On 11 January, Day 16, crawling on all fours, Agu got to the outskirts of Shastri Nagar village. Spotting a pair of trousers in the muck, he put them on, using a fresh vine as a belt to keep them on his now skeletal body. [This was how Manish, co-author of this article and part of the ANET team, saw him later that day in Port Blair.] Further on, Agu met an old man he knew, but who didn’t recognise him. He took Agu home, gave him some daal roti, and led him to Shastri Nagar. Here the devastation was complete; devoid of life, with debris and shards from houses scattered everywhere.
Harry Andrews was then director of the Madras Crocodile Bank. He and Manish had managed to get to Port Blair from the mainland on hearing news of the disaster at the leatherback camp. They’d been desperately trying to organise an aerial search over Point 41, but naval aircraft were busy 24/7 with rescues, disaster surveys and reaching rations to stranded survivors.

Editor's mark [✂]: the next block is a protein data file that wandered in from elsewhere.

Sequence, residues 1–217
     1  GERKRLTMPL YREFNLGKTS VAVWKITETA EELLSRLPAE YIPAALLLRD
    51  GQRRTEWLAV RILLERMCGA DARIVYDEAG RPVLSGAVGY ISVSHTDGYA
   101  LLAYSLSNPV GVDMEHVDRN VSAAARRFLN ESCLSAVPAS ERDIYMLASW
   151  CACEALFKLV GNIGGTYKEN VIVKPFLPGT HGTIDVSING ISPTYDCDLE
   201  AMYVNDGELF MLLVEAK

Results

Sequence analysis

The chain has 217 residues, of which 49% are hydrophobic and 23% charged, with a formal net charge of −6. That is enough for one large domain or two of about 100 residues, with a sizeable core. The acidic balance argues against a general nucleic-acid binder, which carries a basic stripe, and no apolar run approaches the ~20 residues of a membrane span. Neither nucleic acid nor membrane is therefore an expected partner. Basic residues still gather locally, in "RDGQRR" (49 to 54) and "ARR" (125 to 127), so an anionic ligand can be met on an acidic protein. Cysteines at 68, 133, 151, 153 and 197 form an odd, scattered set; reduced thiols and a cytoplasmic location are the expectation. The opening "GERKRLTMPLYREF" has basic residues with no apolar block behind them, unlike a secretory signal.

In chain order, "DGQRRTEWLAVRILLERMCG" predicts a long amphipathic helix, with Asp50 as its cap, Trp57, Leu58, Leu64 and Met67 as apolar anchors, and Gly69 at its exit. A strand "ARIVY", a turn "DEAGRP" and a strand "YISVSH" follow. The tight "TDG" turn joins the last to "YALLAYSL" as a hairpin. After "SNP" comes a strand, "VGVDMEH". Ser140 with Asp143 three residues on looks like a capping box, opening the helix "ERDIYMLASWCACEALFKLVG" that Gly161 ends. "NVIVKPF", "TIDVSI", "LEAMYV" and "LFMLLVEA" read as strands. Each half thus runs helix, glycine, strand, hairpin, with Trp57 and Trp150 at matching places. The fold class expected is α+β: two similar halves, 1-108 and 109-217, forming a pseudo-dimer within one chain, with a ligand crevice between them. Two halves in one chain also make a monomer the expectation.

By an extraordinary coincidence, this day, Day 16, was when they finally got permission from the Navy for an aerial search. Harry and the pilot circled the mouth of the Galathea and scanned the ravaged landscape for signs of life. And in a forest clearing above the water line, they saw people waving. The pilot landed nearby. Harry was delighted to see Agu sitting under a coconut tree, and heartbroken in the immediate knowledge that the others probably hadn’t made it. He explained to Agu that he would be taken to Port Blair. Harry and the pilot would continue the search for the others.
A chopper took Agu to Campbell Bay and from there to Port Blair on the next Navy Dornier shuttle flight. Manish and others from ANET received him and he was soon in INS Dhanvantari, the Amed Forces hospital at Minnie Bay. After his injuries healed and he gained some strength, he spent several months with his family in the Karen settlement of Webi on North Andaman, before returning to ANET. Ambika Tripathi’s legacy lives on and the leatherback research project continues through ANET, which is now under the wonderful conservation NGO, Dakshin Foundation.
The mental and physical resources that enabled Agu to survive this horrific experience are an inspiration to us all; perhaps even a metaphor for overcoming this coronavirus pandemic and its challenges. As to his abiding memory of it, I can only repeat his words when I said, “Agu, what horrors you lived through!”
“Yes,” he’d said, “I was so worried about where the others were, what was happening to them.”
Something to learn from this. Maybe a lot.
Author and conservationist Zai Whitaker is managing trustee — Madras Crocodile Bank Trust/Centre for Herpetology